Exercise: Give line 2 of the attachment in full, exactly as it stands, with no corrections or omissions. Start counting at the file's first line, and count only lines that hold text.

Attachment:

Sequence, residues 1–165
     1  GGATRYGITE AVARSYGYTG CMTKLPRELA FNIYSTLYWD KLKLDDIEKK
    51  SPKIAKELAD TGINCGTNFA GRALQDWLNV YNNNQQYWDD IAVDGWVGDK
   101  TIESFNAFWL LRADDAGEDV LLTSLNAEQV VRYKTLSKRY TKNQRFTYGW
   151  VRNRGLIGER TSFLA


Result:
     1  GGATRYGITE AVARSYGYTG CMTKLPRELA FNIYSTLYWD KLKLDDIEKK